The City of Helsinki provides thousands of digital and non-digital services for various purposes ranging from day care applications to business incubators to cultural activities to dental care. The shared goal of these services is to fulfil user needs.
All these services should be recognised as services provided by the City of Helsinki, and they should be easy to use, uniform and accessible.
The digital uniformity of services and their ease of use are ensured by Helsinki Design System (HDS). Helsinki Design System is a tool that supports design and development. It allows service providers to focus on user needs, instead of reconsidering every basic function with every new service.
Helsinki Design System is like a LEGO set. It contains a set of building blocks, or components, which can be used as such to build the model of the original set, or they can be combined with other building blocks. The building blocks are always accompanied with building instructions, that is, documentation, in order that the blocks can be assembled to achieve the set’s intended outcome.
Helsinki Design System is a designed digital service
Helsinki Design System is itself a designed digital service. Its main users are planners, software developers and product owners who produce City of Helsinki services. It is vital for the users that Helsinki Design System helps them as a tool to ensure accessibility in digital services and that all components comply with the City’s brand identity.
Helsinki Design System helps to ensure accessibility in digital services.
Moreover, the tool makes processes more efficient, when it is not necessary to recreate basic elements for every new service, such as buttons and colour schemes.
The Helsinki Design System team collects feedback from users and develops the tool further according to user needs. The team collects feedback both directly through a dialogue with the community and with various surveys and analytics.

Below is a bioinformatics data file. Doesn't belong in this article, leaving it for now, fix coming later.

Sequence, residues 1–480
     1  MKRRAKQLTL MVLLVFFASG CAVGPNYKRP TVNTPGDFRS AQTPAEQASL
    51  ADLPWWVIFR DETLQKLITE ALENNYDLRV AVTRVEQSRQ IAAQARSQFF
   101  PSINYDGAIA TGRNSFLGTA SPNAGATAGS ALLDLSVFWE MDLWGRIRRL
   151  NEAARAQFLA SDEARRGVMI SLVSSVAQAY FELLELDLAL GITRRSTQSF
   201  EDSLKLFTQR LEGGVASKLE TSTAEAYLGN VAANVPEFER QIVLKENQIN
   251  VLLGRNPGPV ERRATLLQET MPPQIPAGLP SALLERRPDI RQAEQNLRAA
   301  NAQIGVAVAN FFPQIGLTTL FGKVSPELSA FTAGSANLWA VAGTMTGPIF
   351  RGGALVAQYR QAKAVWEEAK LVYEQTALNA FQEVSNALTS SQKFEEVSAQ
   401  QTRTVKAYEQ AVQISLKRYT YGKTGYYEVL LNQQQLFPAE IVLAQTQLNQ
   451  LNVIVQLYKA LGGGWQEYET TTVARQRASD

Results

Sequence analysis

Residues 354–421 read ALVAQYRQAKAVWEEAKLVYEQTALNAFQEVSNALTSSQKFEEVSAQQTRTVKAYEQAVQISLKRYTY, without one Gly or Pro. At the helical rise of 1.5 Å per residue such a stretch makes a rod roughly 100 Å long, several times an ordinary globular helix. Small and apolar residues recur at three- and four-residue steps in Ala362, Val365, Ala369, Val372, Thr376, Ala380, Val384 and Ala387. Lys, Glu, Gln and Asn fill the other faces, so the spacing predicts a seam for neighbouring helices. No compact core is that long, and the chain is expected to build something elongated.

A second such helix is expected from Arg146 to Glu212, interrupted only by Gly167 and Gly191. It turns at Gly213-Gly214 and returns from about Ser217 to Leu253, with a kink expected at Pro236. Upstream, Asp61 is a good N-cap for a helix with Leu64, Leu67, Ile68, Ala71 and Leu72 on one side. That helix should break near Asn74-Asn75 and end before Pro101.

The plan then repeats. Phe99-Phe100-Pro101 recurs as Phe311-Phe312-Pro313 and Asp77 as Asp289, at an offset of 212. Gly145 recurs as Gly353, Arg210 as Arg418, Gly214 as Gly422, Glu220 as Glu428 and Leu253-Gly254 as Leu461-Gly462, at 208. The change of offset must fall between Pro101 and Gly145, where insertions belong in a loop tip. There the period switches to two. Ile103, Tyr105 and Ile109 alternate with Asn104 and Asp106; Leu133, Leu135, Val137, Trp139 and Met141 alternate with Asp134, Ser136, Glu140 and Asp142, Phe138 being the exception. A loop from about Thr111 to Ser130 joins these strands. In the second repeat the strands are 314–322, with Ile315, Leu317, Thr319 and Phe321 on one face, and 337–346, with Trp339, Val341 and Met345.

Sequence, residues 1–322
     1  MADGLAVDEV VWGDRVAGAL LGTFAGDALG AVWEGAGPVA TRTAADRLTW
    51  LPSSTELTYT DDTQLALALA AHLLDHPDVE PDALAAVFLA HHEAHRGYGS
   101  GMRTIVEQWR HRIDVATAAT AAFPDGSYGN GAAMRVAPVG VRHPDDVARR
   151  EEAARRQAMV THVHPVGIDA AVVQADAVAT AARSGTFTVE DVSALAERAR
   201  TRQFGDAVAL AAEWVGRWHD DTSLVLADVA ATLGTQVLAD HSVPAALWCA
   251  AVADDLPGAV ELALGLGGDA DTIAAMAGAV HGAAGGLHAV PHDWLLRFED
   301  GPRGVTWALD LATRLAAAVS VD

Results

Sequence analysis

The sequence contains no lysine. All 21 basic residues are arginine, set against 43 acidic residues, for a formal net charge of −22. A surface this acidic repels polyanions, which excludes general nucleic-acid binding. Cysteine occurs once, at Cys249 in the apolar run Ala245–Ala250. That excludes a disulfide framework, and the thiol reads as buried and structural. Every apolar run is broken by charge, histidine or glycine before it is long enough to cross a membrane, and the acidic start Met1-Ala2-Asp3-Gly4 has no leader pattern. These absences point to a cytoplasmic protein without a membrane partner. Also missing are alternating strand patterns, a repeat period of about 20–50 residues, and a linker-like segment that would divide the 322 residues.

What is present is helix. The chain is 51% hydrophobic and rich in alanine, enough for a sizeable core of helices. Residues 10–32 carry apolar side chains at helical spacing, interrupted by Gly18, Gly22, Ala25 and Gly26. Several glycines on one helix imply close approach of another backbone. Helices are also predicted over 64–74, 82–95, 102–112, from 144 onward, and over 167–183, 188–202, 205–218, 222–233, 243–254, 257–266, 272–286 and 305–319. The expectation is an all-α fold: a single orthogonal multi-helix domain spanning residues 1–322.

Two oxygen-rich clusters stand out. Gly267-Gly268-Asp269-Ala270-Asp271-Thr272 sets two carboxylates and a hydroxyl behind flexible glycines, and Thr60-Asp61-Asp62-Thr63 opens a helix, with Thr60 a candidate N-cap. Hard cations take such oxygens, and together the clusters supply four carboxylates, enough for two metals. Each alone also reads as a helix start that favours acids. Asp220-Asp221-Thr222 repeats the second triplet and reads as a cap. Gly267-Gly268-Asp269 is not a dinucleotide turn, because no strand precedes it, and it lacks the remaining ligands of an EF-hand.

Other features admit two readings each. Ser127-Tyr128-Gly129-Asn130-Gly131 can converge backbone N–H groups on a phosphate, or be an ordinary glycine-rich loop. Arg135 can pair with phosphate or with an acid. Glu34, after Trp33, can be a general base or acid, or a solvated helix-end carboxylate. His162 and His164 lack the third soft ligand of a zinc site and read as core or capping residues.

Helsinki Design System is developed by a team of experts strengthened by multiple skills in order to ensure the best possible customer experience: the team includes product owners, user experience designers, software developers and accessibility specialists.
User orientation and accessibility are always integral parts of the process
All components produced for the Helsinki Design System library are designed and implemented to be user-friendly and accessible. The below process diagram illustrates in a simplified manner how a single component or feature is developed. As necessary, the process always returns to earlier stages.
The definition of a need for a new service begins with research. The research stage comprises an evaluation of the service need and the projected use of the service as well as a survey of existing solutions available from the City and other providers to address the need. One aspect to consider at the research stage is accessibility; what requirements would supporting technologies present, and how to render the package as comprehensible and straightforward as possible.
The design stage focuses on the interaction between the user and the component. For example, what happens when the user clicks a button or enters information in a field. Designers ensure that the service can be used with various devices, such as a smartphone or a laptop, and that the colours are distinguishable and comply with the City of Helsinki brand identity.
Software developers join the process at the implementation stage, if not earlier. They transform the designers’ plans into functional components, clickable buttons and forms to be submitted. Software developers test functions together with designers and accessibility specialists and improve the quality of functions.
Final testing ensures once more that a component or feature fulfils its requirements for user needs and accessibility.
A toolkit for everybody
Helsinki Design System contributes to the transparency of the City of Helsinki service development and helps to share best practices. Consequently, Helsinki Design System is made available as open source code under the Creative Commons 4.0 license. Anybody can use the system, even outside the City of Helsinki organisation.
Helsinki’s own design system will be a strategic tool for digital design to an increasing extent in the future, as it is developed to better serve larger stakeholder groups and product owner networks. In addition to a user interface library, the toolkit will expand to include increasingly functional service packages, instructions for agile development ranging from customer research to content design, and tools for customer-oriented and efficient digital urban design.
Photo: Jussi Hellsten